Friday, May 4, 2012
The Rector's Conference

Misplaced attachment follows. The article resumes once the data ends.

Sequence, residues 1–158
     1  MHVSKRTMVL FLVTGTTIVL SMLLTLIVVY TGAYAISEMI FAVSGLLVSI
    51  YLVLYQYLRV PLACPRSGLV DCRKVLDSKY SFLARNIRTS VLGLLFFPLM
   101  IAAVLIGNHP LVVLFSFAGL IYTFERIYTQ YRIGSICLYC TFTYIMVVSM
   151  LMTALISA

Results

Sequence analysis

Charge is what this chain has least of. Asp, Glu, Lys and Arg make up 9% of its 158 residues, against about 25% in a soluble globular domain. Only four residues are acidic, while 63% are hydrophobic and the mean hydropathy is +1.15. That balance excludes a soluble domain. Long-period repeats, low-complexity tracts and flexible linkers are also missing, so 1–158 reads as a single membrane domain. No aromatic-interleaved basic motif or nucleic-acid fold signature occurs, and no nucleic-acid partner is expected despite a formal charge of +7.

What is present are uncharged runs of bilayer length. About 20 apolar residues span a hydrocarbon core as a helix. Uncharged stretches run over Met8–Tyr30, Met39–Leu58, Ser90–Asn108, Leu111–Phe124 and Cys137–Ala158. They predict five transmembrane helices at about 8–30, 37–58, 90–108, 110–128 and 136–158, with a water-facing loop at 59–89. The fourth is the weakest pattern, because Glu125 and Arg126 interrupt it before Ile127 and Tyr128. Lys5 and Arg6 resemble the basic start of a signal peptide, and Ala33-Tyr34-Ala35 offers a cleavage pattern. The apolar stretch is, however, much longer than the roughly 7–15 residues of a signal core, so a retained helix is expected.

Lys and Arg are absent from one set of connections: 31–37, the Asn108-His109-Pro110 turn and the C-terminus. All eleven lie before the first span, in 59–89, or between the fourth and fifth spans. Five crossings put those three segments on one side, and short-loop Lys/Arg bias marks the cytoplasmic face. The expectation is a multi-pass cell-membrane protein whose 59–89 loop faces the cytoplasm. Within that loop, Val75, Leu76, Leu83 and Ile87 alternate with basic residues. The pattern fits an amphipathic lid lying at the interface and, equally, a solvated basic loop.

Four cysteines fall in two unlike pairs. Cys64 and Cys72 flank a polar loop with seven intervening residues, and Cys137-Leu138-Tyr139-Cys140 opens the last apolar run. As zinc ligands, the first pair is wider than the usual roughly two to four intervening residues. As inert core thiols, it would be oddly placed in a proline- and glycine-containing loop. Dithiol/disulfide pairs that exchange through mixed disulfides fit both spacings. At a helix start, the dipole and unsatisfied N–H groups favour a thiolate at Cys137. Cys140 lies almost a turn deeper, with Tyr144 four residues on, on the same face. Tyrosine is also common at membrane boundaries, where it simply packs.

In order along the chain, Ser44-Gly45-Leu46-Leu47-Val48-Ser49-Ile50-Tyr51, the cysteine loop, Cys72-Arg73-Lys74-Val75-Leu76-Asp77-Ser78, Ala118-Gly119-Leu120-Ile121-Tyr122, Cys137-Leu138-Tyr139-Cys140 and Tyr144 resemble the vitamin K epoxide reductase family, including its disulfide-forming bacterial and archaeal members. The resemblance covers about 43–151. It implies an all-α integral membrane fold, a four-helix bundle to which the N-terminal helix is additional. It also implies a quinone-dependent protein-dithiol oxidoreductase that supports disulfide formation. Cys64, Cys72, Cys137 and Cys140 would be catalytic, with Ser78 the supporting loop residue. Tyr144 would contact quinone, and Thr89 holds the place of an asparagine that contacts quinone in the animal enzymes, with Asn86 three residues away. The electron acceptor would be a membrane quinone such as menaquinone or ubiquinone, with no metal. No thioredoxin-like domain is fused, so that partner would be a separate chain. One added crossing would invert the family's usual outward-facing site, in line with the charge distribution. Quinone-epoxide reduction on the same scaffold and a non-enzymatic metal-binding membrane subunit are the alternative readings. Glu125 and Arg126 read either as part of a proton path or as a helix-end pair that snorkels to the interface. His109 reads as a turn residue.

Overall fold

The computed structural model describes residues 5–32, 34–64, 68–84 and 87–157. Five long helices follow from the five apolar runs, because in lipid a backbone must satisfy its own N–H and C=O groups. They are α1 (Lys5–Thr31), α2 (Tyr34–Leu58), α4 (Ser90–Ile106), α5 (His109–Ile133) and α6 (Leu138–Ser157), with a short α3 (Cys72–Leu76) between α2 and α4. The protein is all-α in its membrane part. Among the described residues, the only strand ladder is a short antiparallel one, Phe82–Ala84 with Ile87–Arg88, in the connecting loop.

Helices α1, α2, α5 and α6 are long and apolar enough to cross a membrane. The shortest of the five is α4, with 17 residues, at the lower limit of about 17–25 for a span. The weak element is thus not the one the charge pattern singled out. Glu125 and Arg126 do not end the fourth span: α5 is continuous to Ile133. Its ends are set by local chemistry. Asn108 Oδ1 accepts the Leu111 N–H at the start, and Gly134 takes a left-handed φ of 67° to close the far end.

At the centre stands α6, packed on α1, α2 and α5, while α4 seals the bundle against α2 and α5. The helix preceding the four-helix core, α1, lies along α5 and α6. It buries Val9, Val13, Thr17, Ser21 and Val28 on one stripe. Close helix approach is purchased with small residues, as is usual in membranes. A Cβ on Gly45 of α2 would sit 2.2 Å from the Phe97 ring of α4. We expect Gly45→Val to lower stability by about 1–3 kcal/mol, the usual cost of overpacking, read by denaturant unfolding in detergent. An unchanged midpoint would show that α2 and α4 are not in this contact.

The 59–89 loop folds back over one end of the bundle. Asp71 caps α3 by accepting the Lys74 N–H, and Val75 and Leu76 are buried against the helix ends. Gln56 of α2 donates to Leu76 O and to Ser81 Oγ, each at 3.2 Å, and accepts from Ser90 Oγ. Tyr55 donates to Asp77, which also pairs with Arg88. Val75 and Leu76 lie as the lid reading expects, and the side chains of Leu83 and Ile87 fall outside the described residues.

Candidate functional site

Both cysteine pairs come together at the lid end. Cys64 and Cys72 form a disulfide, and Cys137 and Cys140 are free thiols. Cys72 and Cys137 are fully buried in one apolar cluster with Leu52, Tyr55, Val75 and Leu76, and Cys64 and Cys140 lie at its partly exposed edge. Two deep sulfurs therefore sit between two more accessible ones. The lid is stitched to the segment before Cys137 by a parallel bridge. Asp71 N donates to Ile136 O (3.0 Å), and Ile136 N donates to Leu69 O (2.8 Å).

In the past years, it can hardly have gone unnoticed that I have sought to fill our corridors with faces, paintings of prominent figures in the history of our monastery, our archdiocese, our universal Church, as well as Saints and other figures whose lives, mirrored in their images have impacted the work of Saint Meinrad. Here, in the dining room, which with the chapel enjoys the status as the “heart” of our institutional identity, I have placed a very motley crew, the former rectors of Saint Meinrad, some still very much alive, most who have passed on to a more perfect rest, all of whom, in their unique way have contributed to the legacy of Saint Meinrad and spirit of hospitality and service that we have hopefully inspired for over 150 years. When I was a novice, one of these former rectors, Fr. Conrad, seen here on my right side with the prayer shawl that represents his Hebrew Scholarship, did me a great favor. He was the rector twice in his career. He probably would have been happier dabbling with his alephes, kohs and waus. I was having a very bad day, which novices sometimes have and I was standing at the mailboxes looking particularly down-trodden. Fr. Conrad came up to me and said: It’s not so bad is it? We love you. That was all I needed. It is the last thing I ever heard him say. About a month later he had a stroke and went into a coma that lasted almost four years. Perhaps he was happier dabbling internally with his alephs, his kohs and his waus. Here are the rectors. They look at us every day. They see us from their place on the other side. I hope they like what they see. What do they see? They see deacons, a very unique group of men who have gathered literally from the four corners of the earth, gathered into this haven in Southern Indiana. They came however long ago full of hope, full of fear. They see men who have transformed their lives of selfish interests into a life of sacrificial service. They see men, not unlike the men they saw in their own day. They see men ready to become martyrs, witnesses to the love of God in their own lives and in the world. They see men who are heroes to me, men who will give everything because they want nothing. Men whose unique personalities are now subsumed in the personality of Christ, but nevertheless maintain their quirky generosity. They see men who are good and holy, and sinful, and mostly striving, striving to live up to the grandeur of their call and realizing that in the years to come as they are gazed upon by other eyes, by admiring and critical eyes, that they will never live up to the grandeur of their call until they cross the Jordan, until they sit down in heaven and seen the Lord face to face. They are men whose entire lives are now geared to this confirmation: Well done, good and faithful servant, now enter into the joy of your master. My brothers you are soon to leave this Hill. We will no longer see you but Fr. Theodore will see you, Fr. Conrad will see you, Abbot Athanasius will see you. Saint Meinrad will see you and we will be proud, we are proud. They see our new and soon to be deacons, odd birds in their new décor, odd birds changing week by week into new décor. They seem to be disappearing, but of course, in a very real way they are appearing for the first time. What will they become, how will their disparity be turned into generosity of service in the crucible of love? The rectors see them into the future, they see these disparate elements of class consciousness dragged into communion by their learning to love in a new way, learning to care in a different way, learning to sacrifice in a wonderful way even as they tug on their new collars. What will the rectors see? What will we see with them? The rectors see our second year men, the leviathan class soon to be reduced as men go on pastoral year, soon to be reconstituted by returning seminarians. They speak different languages, Korean, Spanish, Okie. They come from different places. How will they find the final assent to Mount Carmel? The rectors see them struggling, speaking out, hushing themselves and finding when they should be honest about their struggles, in finding that their struggles are their strengths. When I am weak, then I am strong. And there is weakness there, but much strength. The rectors will see them become leaders of the Church, grow up (finally) and merge into a hopefulness, a gratefulness, a generosity of spirit that will move from rehearsal to performance, from practice to way of life. Whom do the rector’s see? They see our first theologians, men coming to terms with their identity as ambassadors of Christ, men sometimes still consumed by doubts, by disappointments, by questions. Consumed by questions. There is a great deal of faith in our first theologians, the faith that comes from surrendering my life to the God I cannot see and then, after the surrender of realizing that he is near, as near as my next door neighbor, that he is personal, as personal as my friend or enemy, that he is visible, as visible as the host rising in humble grandeur over the altar. The rectors see in them desire, hope, and a generous coming to be. And what of Second Philosophy? The rectors see the men of second philosophy as men in transit, some to first theology here, some elsewhere, some returning to the world as better men, more hopeful men, more focused men. They see philosophers who aspire to the things of God. They see men who are looking forward to stretching their legs into a new way of life, whether here or elsewhere. They see men who are practicing their skills for welcoming as they look forward to new visits, new confreres and new realities which they have learned, hopefully to embrace with open arms. What do these old rectors see? They see our first philosophers, standing outside their doors waiting to bolt, moving from their place of comfort into the larger community. They see men who have learned in a very short time to move beyond their individual concerns and find in one another, heartache, exhilaration, even the eschaton. Our first philosophers are a wild group, made wilder in Christ. I hope their wildness continues as these old rectors watch them become men of Christ, men of the Church, men for the future. They see our faculty coming and going every day, men and women, some new, some known for a long time. They see intellect, they see talent, they see sacrifice. These rectors know what a sacrifice our faculty members have made by casting their lots in southern Indiana, by embracing a process of formation, even a creed, which is not so well known to them. When I see our faculty, I see sacrificial love, poured out in countless ways, certainly in the classroom but often in unseen ways. These old rectors know something. The rector’s pictures are on the walls, but the faculty and staff are the life blood of a seminary community. And our life blood is also the blood of Christ, poured out for the life of the Church through many years, in countless ways. The old rectors know we can never repay them for their generosity and so the rectors, the rector, pray to God that they will eventually know. They see our staff, again, self-less, men and women of honor. They see folks who come here day after day, who give their all, who give everything, who give more than we can ever expect, and then go home, to families, to communities where they are likewise giving all. They see the monks, prayer and work, conditioned day to day by the life of credible witness to the power of the Gospel. They are good men, holy men, sometimes cantankerous men. They are also real men who have real struggles and are not afraid to understand them from the abbot down. They see our lay students, young and old, men and women who are looking for their place in the Church, some as professional ministers, some as volunteers, some as women and men of joy in Christ. They sacrifice, they seek to pay their tuition, they find ways to do their homework in the midst of busy lives. In some ways they put us to shame, but they don’t want to. They want to be a part of God’s kingdom with us in service and love for His people. Some of these old rectors might not be able to figure out who they are, but we know because we need them and because we love them. What might the old rector’s see? They see the priests who come for our institute programs. They see our permanent deacon candidates. They see our youth for the summer programs. They see all of the folks who come to us as guests, the thousands of folks welcomed from year to year. They see all of the men and women who comprise the legacy of Saint Meinrad. This surging populace comes forward to present themselves to the old rectors at breakfast, lunch and dinner. They come to be fed, certainly by our kitchen staff, but also fed by the rectors, by their heritage, by the legacy of Saint Meinrad. I hope they see how much they have done. How much they do. And I hope they can see something else. I hope these worthy predecessors, I hope Fr. Conrad can see what is in my heart tonight. I hope they see the joy of watching the struggles and the triumphs that come really moment by moment in the lives of seminarians, students, faculty, staff, deacons, visitors. I hope they see wonder, the wonder of watching God’s power, striking daily with the force of lightening, the peal of thunder in anxious ears longing for peace, dignity, and love in a world torn apart by war, disrespect and hate. I hope they see gratitude, my gratitude in having the honor, the humble honor of serving here in my small way, the gratitude of a rector, one of their number, a sinful man whose only love is for God’s kingdom, whose only thankfulness is for you, the occasion of my service I hope they see awe, the awe of being a father to so many, the awe of trying my best to live up to the fatherhood that has been bestowed on me. I hope they see it, because, it is there, it is here in my heart, a heart filled with Joy Wonder Gratitude Awe Brothers and sisters we live in a cloud of witnesses, a great cloud of witnesses. They see us. They see us and rejoice.